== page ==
A simple ‘highlights’ email or message thread on an announcements channel in Flock (a channel with all team members automatically added to it where only the admin can share information) gives every team member the opportunity to keep themselves informed at their own pace.
Know your crew
Get to know each member of the team and understand their individual styles of communication. Are there any introverts on the team? Every team member has something to offer. By knowing our people, we can communicate with them more effectively as well as find ways to strategically harness their many talents.
Articulate your expectations
Effective meetings have an agenda and a time limit. The agenda sets expectations for the meeting, but outside of the meeting space, it is equally important to make sure our expectations are articulated well enough that everyone is on the same page as far as deliverables and deadlines are concerned.
Never forget the follow-up
Wrapping up a meeting does not mean that the discussion is done and there’s nothing else to do. In fact, the post-meeting follow-up is a great opportunity to verify that everyone involved walks away with a clear understanding of what is expected of them. Sending a follow-up message to all participants ensures that they have a better understanding of all the takeaways from project review meetings.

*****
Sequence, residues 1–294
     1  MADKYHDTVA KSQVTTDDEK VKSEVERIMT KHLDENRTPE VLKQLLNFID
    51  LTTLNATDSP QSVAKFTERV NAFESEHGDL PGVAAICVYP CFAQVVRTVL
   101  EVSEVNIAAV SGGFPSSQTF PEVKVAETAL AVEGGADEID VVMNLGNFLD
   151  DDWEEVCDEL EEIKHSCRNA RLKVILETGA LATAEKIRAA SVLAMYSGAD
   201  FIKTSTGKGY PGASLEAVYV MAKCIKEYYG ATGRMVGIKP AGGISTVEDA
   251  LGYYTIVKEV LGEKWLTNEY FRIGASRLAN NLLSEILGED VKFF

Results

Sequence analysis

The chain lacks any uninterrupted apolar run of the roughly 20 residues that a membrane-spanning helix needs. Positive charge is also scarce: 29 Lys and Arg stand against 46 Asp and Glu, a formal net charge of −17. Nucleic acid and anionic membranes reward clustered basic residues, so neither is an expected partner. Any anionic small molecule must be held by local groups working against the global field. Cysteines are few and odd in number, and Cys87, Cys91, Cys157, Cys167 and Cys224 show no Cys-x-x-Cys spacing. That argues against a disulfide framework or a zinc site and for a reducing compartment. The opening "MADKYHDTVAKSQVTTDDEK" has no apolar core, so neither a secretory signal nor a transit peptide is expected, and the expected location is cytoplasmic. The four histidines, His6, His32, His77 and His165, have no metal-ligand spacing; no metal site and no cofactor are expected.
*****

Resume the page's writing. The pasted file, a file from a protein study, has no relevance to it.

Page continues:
Let’s apply this meeting management strategy to all our meetings in 2020. From a 1:1 conversation with a team member to a group discussion on a project, let’s ensure that we follow-up on every meeting. It can be something as simple as a quick message on Flock or an email or, for group meetings, a follow-up message in the group’s channel!
Further, following-up on conversations and meetings can be used to foster more meaningful connections with individual team members even on matters unrelated to work. For example, if a team member has been out of commission due to illness, have a quick follow-up conversation when they return to see how they are doing and bring them up to speed on what is going on. This is not just an exercise in trust-building. In addition to showing that we care about their well-being, it helps them get back into the groove faster so they can produce their best work! It says: “I care, and you matter.”
What to expect in return
When managers work to reduce the need for mindless meetings, team members know that their talent and time are respected. By focusing on message delivery, opening clear channels of communication, and following-up on meetings, we can clear roadblocks to effective communication and build happier, more productive organizations. Ones where exchanges between teams and among team members are harmonious and everyone is empowered to communicate and collaborate effectively.
Let 2020 be the year where effective communication drives productivity in our organizations and helps us create a collaborative team culture.
And now, over to you...
- What strategies do you use to improve communication flows in your organization?
- How do you manage meetings and follow-ups in your team?
Tweet at us and let us know!